Wind power is clean, renewable, and mechanically reliable, but it is not consistent. Obviously, wind does not blow all the time. Data from installed wind farms shows that wind is more likely to blow hardest when it is least needed. Often it does not generate any power for several days in a row. You can see this for yourself in this January 2009 chart from the Bonneville Power Administration (BPA) showing the wind power under their balancing authority.
This BPA graph shows an 13 day period in 2009 when wind generation remained essentially zero during a protracted spell of cold weather and high electrical demand. This is an example of why you can not eliminate any of your existing generating capacity with the construction of wind generators because you can’t count on the wind to blow when you most need the power!
We captured the following BPA graph was on August 19, 2013 at 11:00 AM. It shows the total electrical Load and totals for Wind, Hydro, and Thermal Generation included in the BPA’s Balancing Authority. You can derive an idea of the time of day from the darker vertical grid lines which denote midnight.
The total generation is always greater than the total Load because most of the time BPA is a net exporter of energy. The BPA Load does not include scheduled energy sent to other balancing authority areas. If you want to view the last seven days of power & load data (updated every five minutes), click here. This link also has a list of power plants included in the data graphed above.
The total electrical Load is displayed in red, the second line down. It has a predictable daily cycle of a late afternoon high followed by an after midnight low. Hydro generation is shown by the top blue line and Thermal (which includes coal, gas, nuclear, and wood waste burning) is indicated by the brown third line. The bottom green line is Wind. As you can see Wind usually peaks at night when it is least needed, and often doesn’t generate at all. There is no line for total generation (the sum for the blue, brown and green lines) as it would be off the chart. As the BPA notes, the generation capacity of their balancing authority exceeds their power demand and the excess energy is exported to other balancing authorities.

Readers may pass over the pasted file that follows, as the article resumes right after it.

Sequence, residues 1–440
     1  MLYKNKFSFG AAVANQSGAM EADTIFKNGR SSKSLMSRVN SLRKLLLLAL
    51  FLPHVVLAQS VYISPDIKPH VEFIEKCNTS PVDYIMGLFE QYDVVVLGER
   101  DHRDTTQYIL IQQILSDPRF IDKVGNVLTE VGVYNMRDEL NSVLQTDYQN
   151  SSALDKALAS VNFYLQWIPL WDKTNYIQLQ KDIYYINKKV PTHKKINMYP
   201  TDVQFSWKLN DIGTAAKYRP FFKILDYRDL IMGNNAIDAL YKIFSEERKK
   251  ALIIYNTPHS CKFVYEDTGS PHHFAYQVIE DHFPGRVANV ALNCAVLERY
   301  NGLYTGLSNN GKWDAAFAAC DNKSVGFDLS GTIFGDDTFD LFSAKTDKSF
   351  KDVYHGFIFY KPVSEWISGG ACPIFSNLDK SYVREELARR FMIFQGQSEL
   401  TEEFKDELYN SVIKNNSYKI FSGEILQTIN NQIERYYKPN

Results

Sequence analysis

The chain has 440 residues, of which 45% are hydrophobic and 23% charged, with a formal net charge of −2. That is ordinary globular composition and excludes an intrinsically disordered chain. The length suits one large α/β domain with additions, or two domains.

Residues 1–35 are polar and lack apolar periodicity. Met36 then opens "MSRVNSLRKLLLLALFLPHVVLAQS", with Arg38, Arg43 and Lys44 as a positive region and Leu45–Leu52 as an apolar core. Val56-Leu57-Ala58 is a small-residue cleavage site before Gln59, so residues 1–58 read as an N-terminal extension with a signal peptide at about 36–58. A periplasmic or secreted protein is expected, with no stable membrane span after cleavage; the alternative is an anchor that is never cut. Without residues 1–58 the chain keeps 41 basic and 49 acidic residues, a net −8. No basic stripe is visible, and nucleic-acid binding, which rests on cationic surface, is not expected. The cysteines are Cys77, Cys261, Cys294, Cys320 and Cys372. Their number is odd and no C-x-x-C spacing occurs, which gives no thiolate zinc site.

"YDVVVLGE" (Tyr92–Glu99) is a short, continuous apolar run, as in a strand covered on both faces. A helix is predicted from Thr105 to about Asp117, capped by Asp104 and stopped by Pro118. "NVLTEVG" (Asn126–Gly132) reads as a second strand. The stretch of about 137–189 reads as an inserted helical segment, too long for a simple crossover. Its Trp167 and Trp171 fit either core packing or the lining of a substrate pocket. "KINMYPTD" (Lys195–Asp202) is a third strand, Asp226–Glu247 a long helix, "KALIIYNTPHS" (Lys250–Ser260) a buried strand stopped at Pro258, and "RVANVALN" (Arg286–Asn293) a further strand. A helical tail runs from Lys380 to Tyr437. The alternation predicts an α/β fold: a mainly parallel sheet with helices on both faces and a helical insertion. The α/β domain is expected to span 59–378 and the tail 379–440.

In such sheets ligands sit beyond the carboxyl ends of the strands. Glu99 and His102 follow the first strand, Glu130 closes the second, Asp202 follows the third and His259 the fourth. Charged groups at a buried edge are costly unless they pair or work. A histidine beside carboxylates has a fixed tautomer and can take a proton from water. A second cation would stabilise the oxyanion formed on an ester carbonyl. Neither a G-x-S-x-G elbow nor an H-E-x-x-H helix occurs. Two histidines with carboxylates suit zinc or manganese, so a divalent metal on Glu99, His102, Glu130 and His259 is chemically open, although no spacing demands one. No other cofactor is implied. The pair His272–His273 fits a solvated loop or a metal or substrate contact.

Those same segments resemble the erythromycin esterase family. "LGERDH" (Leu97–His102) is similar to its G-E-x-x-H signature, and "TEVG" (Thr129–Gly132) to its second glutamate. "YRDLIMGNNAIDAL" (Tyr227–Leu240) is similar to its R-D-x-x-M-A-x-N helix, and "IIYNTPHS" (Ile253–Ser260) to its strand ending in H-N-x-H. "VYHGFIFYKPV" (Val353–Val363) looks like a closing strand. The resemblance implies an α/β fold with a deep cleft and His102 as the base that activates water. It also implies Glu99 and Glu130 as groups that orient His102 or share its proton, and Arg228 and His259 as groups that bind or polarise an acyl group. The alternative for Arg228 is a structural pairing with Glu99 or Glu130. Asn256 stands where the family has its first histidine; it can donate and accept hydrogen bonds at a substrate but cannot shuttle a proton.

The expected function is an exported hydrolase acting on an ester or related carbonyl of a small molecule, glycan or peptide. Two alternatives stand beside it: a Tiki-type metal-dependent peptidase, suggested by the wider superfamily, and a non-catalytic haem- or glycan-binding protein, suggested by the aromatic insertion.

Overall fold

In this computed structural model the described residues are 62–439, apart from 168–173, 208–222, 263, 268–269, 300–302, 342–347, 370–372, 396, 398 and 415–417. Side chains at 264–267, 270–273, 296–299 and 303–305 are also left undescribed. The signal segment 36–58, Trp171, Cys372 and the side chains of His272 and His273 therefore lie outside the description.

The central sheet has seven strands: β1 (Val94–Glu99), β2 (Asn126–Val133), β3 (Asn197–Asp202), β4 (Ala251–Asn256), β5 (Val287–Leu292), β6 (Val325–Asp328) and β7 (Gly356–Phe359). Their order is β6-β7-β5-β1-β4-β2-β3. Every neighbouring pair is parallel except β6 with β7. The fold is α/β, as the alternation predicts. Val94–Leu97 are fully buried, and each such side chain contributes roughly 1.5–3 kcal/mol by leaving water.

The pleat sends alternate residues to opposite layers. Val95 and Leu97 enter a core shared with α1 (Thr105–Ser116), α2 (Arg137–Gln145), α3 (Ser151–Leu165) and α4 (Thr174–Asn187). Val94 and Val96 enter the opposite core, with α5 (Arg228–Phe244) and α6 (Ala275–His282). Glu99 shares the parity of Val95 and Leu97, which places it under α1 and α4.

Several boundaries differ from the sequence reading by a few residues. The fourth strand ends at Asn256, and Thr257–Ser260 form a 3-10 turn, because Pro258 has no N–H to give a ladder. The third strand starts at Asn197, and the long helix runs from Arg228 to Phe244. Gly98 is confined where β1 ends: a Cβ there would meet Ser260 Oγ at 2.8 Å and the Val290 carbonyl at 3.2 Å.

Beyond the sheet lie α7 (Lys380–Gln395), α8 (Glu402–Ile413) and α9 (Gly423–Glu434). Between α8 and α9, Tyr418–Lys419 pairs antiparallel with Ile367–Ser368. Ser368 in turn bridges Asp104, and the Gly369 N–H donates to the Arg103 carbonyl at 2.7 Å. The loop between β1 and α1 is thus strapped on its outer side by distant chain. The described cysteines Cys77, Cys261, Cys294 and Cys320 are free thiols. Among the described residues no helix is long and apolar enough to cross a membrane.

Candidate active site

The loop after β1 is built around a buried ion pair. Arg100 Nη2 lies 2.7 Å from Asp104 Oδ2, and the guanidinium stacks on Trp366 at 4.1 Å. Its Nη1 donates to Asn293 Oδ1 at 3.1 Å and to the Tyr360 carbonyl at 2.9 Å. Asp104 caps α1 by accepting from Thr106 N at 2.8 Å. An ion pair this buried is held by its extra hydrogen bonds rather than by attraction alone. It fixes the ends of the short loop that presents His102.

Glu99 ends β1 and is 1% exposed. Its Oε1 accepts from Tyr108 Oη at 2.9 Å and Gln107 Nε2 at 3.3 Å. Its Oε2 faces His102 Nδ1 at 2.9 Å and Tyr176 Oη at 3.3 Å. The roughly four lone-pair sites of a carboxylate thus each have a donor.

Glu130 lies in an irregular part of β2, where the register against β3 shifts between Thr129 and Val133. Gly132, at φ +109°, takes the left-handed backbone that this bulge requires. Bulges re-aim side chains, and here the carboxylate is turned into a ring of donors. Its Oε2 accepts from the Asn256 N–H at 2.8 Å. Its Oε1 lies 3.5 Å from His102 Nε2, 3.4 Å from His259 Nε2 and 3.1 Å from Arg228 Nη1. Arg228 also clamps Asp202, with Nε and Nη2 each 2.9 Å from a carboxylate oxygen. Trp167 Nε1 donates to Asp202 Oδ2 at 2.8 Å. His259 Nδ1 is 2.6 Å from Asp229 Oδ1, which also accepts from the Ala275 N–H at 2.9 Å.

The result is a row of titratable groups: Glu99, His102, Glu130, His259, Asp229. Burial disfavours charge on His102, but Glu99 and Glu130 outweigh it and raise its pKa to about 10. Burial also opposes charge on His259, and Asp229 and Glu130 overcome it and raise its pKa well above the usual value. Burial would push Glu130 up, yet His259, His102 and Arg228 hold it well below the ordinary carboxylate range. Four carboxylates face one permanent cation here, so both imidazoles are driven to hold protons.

Notice that dispatchable (power industry jargon for being able to be turned on or off when needed) power sources like Hydro and Thermal have adjusted to follow the change in customers’ electrical demands. Wind, on the other hand, can not. Wind generates energy when it wants to, not when the customers need it. At least solar power peaks at midday, near to the time of greatest customer demand.
There is other information that can be deduced from this graph. The vertical scale is in megawatts (MW). The lowest line labeled 1000, represents approximately the electrical output of Bonneville Dam or one large coal or nuclear plant. So the variation in the Wind energy line represents the equivalent of adding or dropping three power plants worth of energy in an hours time. This large and rapid change in Wind power is hard for utilities to deal with. We are lucky in the Northwest as Hydroelectric power can be adjusted quickly. But Renewable Energies like Wind and Solar were legislatively mandated to reduce our dependence on fossil fuels and not to have us cut back on nonpolluting Hydro power. Notice that on Saturday, the Wind power averaged about 2000 MW. This could have been offset by shutting down some of the coal and natural gas energy included in the Thermal power’s 5,000 MW total. Instead the Thermal power line only drops slightly and carbon emission free Hydro power is cut back.
Legislation mandating the addition of 15 percent of Renewal Power to utilities energy portfolios was silly in a region where 75% of our power already comes from renewable Hydroelectric generation. Dealing with the variability of Wind power has only added to the overhead of agencies like the BPA and the money spent on windmills would have been better spent developing some clean sources of reliable, dispatchable power.